And to his credit, Walter said, "You know what? Create a different model." So they went back, they shrunk the size of the store. They didn't have 5,000 different kinds of fruits and vegetables that quite frankly I don't know how to prepare. They really surveyed the community. They said, "What do you want?"
ALTMAN: You're better than me. I don't know how to pronounce them
VILSACK: Well, I could have gone there. And they opened up a store in inner city Detroit. And you know what's interesting about that story?
ALTMAN: It's doing well.
VILSACK: It's doing really well. And what's also interesting is that they're—the people with SNAP cards are using that store. It's also the reason why we've said to our SNAP program-if people want to go to a farmer's market, they should have the opportunity to do that. We shouldn't be segregating the SNAP beneficiaries going over here to the discount store. And everyone else going and having the benefit of the community building experience of going to a farmer's markets.
Everybody should have that opportunity. So in 3,000 of the over 8,000 farmer's markets now, SNAP cards can be accepted. And foundations are coming and saying, "You know what? Let's give those folks a little extra break. Double bucks." So we're now creating programs where we're incenting folks on SNAP to be able to have fruits and vegetables. So it's changing. But it's not going to change overnight.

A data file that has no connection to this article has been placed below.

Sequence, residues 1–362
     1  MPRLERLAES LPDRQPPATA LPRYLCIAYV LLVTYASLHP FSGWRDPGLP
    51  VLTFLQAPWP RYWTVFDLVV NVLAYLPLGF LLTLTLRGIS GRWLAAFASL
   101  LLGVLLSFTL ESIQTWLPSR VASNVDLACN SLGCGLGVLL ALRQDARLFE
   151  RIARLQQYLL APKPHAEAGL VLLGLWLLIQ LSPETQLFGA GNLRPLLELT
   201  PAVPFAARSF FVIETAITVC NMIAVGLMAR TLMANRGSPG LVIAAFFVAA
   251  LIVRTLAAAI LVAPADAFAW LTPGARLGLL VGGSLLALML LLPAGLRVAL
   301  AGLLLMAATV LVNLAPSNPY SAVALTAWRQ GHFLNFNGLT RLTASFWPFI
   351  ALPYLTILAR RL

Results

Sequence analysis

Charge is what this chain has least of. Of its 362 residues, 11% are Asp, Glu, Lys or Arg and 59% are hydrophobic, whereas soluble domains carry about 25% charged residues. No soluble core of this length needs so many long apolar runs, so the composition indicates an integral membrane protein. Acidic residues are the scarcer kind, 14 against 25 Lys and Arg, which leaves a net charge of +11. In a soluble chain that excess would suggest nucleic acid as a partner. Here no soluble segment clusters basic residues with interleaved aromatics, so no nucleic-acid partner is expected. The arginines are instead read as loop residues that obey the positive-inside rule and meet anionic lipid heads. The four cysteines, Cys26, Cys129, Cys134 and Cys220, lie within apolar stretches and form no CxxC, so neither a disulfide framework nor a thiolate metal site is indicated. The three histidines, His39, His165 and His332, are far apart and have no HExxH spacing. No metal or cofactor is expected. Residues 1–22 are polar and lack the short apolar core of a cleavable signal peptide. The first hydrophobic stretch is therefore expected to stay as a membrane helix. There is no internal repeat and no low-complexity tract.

ALTMAN: All right. Let's try to fit in at least a couple of more questions. Yes sir, on my left.
QUESTION: Thank you. Andrew Forgas (ph) with Modern Meadow (ph) --we're a biotech company focused on agriculture innovation around animal products. And first of all, I wanted to say thank you because our—one of our earliest sources of support was a USDA SBIR grant. So thank you on that. My question for you actually builds on some of the questions that we've had earlier which is 2050 is the date that's put out there as a date by which a lot of things need to happen.
Population is going to exceed nine billion. And some project a near-doubling of animal products that the world is going to consume by then. And if today already livestock is the leading user of land, water, and by some measures the leading contributor to greenhouse gas emissions, how do we square this equation? How do we actually increase animal production to feed the growing demand around the world, but not exacerbate the resource utilization?
VILSACK: Well, the short answer is continued investment in agricultural research and the focusing of the research on that very question. I can tell you that we've started that with the dairy industry. The dairy industry writ large from the producer to the retailer has agreed to reduce their greenhouse gases voluntarily within the supply chain by 25 percent by 2020. And they've come to us and said, "How can you help us do that?"